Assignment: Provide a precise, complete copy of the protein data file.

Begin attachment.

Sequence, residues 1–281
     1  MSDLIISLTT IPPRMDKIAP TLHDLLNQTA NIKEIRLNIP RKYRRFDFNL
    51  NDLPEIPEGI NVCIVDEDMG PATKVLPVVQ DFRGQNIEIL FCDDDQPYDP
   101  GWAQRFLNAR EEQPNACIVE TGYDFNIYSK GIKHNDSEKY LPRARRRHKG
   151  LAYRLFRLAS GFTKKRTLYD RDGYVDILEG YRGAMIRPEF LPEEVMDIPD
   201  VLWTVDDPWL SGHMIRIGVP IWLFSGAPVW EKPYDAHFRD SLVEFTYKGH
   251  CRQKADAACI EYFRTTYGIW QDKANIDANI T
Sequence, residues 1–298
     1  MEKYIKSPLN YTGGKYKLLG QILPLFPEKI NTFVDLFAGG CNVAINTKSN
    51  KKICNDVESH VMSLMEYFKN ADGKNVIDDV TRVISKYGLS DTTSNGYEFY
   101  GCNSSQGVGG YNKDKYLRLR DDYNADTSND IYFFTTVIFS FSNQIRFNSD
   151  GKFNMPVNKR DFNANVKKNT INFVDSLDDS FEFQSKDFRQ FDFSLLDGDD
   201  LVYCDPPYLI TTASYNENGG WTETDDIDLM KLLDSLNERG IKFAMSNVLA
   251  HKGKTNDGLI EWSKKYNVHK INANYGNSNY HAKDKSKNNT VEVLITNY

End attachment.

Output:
Sequence, residues 1–281
     1  MSDLIISLTT IPPRMDKIAP TLHDLLNQTA NIKEIRLNIP RKYRRFDFNL
    51  NDLPEIPEGI NVCIVDEDMG PATKVLPVVQ DFRGQNIEIL FCDDDQPYDP
   101  GWAQRFLNAR EEQPNACIVE TGYDFNIYSK GIKHNDSEKY LPRARRRHKG
   151  LAYRLFRLAS GFTKKRTLYD RDGYVDILEG YRGAMIRPEF LPEEVMDIPD
   201  VLWTVDDPWL SGHMIRIGVP IWLFSGAPVW EKPYDAHFRD SLVEFTYKGH
   251  CRQKADAACI EYFRTTYGIW QDKANIDANI T
Sequence, residues 1–298
     1  MEKYIKSPLN YTGGKYKLLG QILPLFPEKI NTFVDLFAGG CNVAINTKSN
    51  KKICNDVESH VMSLMEYFKN ADGKNVIDDV TRVISKYGLS DTTSNGYEFY
   101  GCNSSQGVGG YNKDKYLRLR DDYNADTSND IYFFTTVIFS FSNQIRFNSD
   151  GKFNMPVNKR DFNANVKKNT INFVDSLDDS FEFQSKDFRQ FDFSLLDGDD
   201  LVYCDPPYLI TTASYNENGG WTETDDIDLM KLLDSLNERG IKFAMSNVLA
   251  HKGKTNDGLI EWSKKYNVHK INANYGNSNY HAKDKSKNNT VEVLITNY